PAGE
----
Héma-Québec is taking advantage of Black History Month to launch a call for blood donors from black communities. The organization has a growing need for black blood to increase its reserves and help provide treatment for patients with sickle cell anemia.
This disease is caused by an abnormality of red blood cells and affects, among others, black people. Despite advances, many taboos and huge restrictions still do not allow to reach enough black donors.
To help parents like Daniel Bonzil, Héma-Québec multiplies its calls to the black community year after year. The Outaouais representative of the Quebec Sickle Cell Disease Association explains that he himself has a 12-year-old child with the disease.
“My boy already has a blood transfusion,” says Bonzil. “There are children who need a lot more, there are children who need it many times a year.”
Sickle cell anemia is a genetic blood disorder characterized by a malformation of blood hemoglobin that mainly affects people from Africa, Haiti, the Middle East and India. The diseased red blood cells cause an obstruction of the blood circulation.
Each human has normal beta genes called A and abnormal type S. The gene pool is in duplicate in a combination that can be AA, AS or SS. Only SS individuals have the disease. And when two AS-type people mate, there is a one in four chance that their child will get Sickle Cell Disease.
In Canada, data on the disease are rare, but the Quebec Sickle Cell Disease Association estimates that one in ten black people are affected.
It is a chronic disease characterized by painful seizures. The patient then needs to renew his red blood cells regularly through blood transfusion.
Sickle cell anemia in numbers:
– One in ten black people have the sickle cell disease gene.
– One in every 400 children in the at-risk community is reached.
– When both parents have the trait of the disease, there is a 25% chance that the child will be sick.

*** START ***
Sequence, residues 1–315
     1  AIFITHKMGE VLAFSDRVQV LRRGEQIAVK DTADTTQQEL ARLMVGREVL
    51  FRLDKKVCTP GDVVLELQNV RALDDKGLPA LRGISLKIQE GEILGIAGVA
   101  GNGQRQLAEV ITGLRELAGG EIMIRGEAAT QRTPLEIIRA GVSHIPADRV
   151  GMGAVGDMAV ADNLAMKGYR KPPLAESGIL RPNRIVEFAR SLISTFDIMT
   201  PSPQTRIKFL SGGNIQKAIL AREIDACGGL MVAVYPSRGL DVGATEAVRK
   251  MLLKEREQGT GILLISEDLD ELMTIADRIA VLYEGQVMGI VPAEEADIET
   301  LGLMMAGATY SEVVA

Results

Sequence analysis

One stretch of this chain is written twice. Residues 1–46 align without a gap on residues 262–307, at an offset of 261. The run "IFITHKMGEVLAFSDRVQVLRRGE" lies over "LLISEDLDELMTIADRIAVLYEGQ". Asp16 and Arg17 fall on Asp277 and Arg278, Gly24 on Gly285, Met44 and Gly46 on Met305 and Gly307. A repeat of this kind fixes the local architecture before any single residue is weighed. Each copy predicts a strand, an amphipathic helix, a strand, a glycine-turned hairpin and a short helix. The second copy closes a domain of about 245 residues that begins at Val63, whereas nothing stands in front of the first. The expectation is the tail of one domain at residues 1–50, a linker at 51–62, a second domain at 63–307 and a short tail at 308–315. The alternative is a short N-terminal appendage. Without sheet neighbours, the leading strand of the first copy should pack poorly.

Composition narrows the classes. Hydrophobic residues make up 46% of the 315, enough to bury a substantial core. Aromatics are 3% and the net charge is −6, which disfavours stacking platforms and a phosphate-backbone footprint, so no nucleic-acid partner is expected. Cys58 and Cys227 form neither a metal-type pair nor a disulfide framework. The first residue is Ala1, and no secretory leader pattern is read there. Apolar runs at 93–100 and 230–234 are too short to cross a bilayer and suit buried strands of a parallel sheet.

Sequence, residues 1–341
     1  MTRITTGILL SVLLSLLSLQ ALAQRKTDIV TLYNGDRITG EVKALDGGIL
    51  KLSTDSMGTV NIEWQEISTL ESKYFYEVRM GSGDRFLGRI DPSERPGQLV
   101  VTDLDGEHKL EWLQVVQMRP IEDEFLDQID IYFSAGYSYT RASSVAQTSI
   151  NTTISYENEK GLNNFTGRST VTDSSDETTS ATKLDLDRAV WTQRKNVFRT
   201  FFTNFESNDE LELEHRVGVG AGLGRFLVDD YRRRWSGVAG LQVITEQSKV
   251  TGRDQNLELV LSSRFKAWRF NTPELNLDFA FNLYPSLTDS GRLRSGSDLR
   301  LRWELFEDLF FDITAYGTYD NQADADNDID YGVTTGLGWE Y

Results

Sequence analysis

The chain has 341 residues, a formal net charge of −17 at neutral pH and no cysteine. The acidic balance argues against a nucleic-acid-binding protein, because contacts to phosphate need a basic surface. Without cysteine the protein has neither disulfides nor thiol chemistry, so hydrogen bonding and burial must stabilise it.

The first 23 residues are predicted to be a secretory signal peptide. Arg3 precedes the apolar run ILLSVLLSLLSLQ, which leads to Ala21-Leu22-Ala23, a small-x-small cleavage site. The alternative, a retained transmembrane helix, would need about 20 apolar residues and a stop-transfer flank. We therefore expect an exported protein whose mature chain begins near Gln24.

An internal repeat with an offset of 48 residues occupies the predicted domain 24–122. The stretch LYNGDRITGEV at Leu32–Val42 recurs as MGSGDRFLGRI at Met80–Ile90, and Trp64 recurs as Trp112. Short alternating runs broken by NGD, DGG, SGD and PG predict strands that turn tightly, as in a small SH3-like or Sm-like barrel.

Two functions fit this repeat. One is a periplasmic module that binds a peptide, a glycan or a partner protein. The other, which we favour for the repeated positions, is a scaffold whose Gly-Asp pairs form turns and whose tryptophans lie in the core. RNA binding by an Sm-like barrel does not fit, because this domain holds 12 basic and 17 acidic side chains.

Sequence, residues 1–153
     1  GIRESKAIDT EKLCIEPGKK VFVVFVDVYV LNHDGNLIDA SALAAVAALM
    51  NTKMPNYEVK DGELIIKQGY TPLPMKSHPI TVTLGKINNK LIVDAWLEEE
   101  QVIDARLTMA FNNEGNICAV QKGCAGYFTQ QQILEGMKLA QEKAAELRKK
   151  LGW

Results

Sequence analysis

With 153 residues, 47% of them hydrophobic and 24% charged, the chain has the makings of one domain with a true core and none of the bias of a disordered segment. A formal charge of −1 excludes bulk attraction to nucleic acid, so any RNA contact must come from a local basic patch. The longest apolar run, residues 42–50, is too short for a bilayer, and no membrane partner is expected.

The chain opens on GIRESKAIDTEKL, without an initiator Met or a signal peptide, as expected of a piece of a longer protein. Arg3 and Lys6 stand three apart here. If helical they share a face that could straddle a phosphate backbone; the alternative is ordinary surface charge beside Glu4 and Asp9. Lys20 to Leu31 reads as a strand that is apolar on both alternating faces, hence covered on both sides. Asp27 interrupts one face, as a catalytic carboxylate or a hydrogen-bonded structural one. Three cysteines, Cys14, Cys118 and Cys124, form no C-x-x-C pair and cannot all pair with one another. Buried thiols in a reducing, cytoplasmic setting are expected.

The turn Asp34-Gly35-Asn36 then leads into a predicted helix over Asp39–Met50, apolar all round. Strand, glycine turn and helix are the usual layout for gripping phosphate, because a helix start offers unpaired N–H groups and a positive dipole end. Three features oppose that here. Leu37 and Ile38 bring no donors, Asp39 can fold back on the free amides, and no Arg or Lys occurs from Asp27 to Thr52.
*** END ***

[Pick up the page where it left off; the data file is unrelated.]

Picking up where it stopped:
– More than 300,000 children are born each year worldwide with this disease and 50% will not reach their fifth birthday in the absence of care from birth.
Source: Quebec Sickle Cell Anemia Association
Blood of black people
To relieve people suffering from sickle cell anemia, medicine uses the blood of people with a genetic background similar to that of the patient.
“With medical practice, it was found that donors and recipients, if they had a similar genetic background, transfusion reactions were lower, as in the case of anemia,” says the director of public relations for Héma-Québec, Laurent-Paul Ménard.
The blood of black people is essential to relieve patients, because “if what is given to them is not compatible, it creates in the individual antibodies, it is a complication that it causes from where the reason to want to give blood the most compatible possible, “adds Mr. Bonzil.
“Many people may think that the group is enough, I found another group O or group A donor and everything is fine, but that’s not the case. There must be markers in the blood and these markers must be similar between the person giving and the person receiving and there are many. People who have the same origin will have more similar markers and people who are from different communities will have many differences and it is not good to give blood at that time, “he says.